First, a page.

Singer pauses production of $1 million Porsches, switches to higher profit models

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The Californian restoration company has paused orders for its iconic million-dollar Porsche 911-based model, as it prioritises even more profitable versions.

Iconic US Porsche restorer Singer has announced the order books for its range of million-dollar modified 911s are closed indefinitely – as the company pushes even more expensive upgrades to the front of the queue.

Having established itself as the go-to company for restored and modified Porsche 911s throughout the last decade, Singer says it won’t build any more of its $US650,000 ($AU930,000) “Classic” models for the foreseeable future.

Instead, the California-based company will focus on its upcoming “Turbo Study” – a modern interpretation of Porsche’s iconic 930 Turbo from the late 1970s.

Expected to cost at least $US750,000 ($AU1.07 million) – excluding taxes and the price of the donor car – the Turbo Study will be the most expensive model to come from Singer’s workshop to date.

In an interview with UK publication Top Gear, Singer Vehicle Design founder Rob Dickinson said his company would shift its efforts towards the Turbo Study, with limited production of the Classic likely to safeguard the values of existing cars.

“We’ve actually stopped taking orders for Classic,” Mr Dickinson told Top Gear

“We’ve capped it to about 450 (cars). We’ve got a lot of Turbos to build. 

“I’d love to say there’s a master plan… there isn’t really a masterplan. There wasn’t a master plan 12 years ago when we started, we’re kind of making it up as we go along.

“We’re just trying to be respectful to the guys that are buying the (Classic) cars. We want to maintain the values of the cars if they change hands afterwards of course, which I think has more to do with the perception of Singer as a ‘brand’ over and above the quality of the cars.”

All 450 examples of Singer’s Classic models have been built as bespoke creations for each owner, although they share the same formula and philosophy.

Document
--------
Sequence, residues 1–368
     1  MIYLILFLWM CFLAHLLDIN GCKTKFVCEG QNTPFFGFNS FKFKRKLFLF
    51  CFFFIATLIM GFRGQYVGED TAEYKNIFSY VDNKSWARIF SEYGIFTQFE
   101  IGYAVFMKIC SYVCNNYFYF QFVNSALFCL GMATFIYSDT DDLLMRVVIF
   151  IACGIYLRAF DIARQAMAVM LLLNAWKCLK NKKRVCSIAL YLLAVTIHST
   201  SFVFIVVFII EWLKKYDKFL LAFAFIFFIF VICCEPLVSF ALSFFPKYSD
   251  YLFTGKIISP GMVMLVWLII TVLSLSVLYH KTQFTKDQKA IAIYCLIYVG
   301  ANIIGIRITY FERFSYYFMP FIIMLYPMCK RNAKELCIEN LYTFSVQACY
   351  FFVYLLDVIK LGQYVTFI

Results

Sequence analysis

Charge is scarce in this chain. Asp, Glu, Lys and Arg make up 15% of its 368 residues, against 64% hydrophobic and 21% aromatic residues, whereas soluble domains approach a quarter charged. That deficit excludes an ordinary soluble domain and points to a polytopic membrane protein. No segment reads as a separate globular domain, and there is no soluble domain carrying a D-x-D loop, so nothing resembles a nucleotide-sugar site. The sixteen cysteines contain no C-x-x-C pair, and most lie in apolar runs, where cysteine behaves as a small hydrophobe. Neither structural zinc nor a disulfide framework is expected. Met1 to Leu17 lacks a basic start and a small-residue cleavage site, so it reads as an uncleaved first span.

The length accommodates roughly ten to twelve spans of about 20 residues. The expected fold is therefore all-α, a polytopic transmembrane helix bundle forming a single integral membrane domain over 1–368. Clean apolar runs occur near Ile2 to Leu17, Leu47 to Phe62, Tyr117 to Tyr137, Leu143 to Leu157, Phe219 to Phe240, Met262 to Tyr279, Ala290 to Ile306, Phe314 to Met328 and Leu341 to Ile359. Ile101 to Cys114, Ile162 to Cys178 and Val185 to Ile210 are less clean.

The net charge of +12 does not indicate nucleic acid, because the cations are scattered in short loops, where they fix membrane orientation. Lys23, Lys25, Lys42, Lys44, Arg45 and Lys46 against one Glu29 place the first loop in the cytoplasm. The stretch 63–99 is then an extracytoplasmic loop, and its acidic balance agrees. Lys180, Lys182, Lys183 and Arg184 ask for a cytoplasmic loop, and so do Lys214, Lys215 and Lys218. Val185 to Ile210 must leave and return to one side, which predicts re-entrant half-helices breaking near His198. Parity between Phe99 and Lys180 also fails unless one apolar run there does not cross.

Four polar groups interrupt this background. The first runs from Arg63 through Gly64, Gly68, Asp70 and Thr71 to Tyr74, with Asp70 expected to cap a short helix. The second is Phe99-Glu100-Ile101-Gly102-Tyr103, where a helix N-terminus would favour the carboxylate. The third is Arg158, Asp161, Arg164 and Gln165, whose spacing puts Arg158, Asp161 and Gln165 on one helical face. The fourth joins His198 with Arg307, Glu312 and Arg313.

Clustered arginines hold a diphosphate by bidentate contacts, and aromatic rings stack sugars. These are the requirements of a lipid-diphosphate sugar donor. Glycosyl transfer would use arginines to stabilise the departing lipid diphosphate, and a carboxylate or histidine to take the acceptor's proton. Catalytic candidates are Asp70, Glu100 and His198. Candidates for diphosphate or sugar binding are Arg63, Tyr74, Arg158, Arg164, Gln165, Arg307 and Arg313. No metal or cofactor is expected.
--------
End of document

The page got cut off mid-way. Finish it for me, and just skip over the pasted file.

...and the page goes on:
Based on the 964-generation Porsche 911 – which owners must supply as a ‘donor vehicle’ or starting point – Singer takes the rear-engined sports car and completes a forensic restoration and modification process.

All Singer Classics are designed to recapture the shape of the first-generation Porsche 911s, although significant upgrades are made under the skin to bring its engine, suspension, and brakes up to modern standards.

Dickinson promises Singer will use lessons learned from its Classic production run in building the Turbo Study.

“Wheel arches making promises the wheels can’t keep was a phrase that kept buzzing through my head,” Mr Dickinson told Top Gear.

“Using that opportunity to put some bigger brakes on the car, upgrade the mechanical grip, and just getting out of the way of the iconography and celebrating the great bits … and editing some of the not-so-great bits.

“It’s time to have a go at turbocharging – synonymous with Porsche in so many ways.

“To do a refined car, really chase the NVH (noise, vibration and harshness) and make the car – dare I say it – luxurious and something that made you feel super good as well as being fast and super refined was another challenge for us after the DLS and the Classic, which we’ve been doing for 12 years.

“Turbo lag has always been a conversation with (original) 930 Turbos.

“This engine (in the Turbo Study) has no lag at all. Nothing. We could introduce some lag – count three seconds and then it comes, which we might do for a bit of fun.”

Computer illustrations of two customer orders have so far been released, one in Wolf Blue and the other in Turbo Racing White with green stripes.

However, with further testing and fine-tuning expected to start in the next few months, the first production Turbo Study may not hit the road until the end of 2024.

Australian car dealer Zagame Automotive Group is the official importer of Singer vehicles for the local market, partnering with the US restorer in June 2021.

The post Singer pauses production of $1 million Porsches, switches to higher profit models appeared first on Drive.

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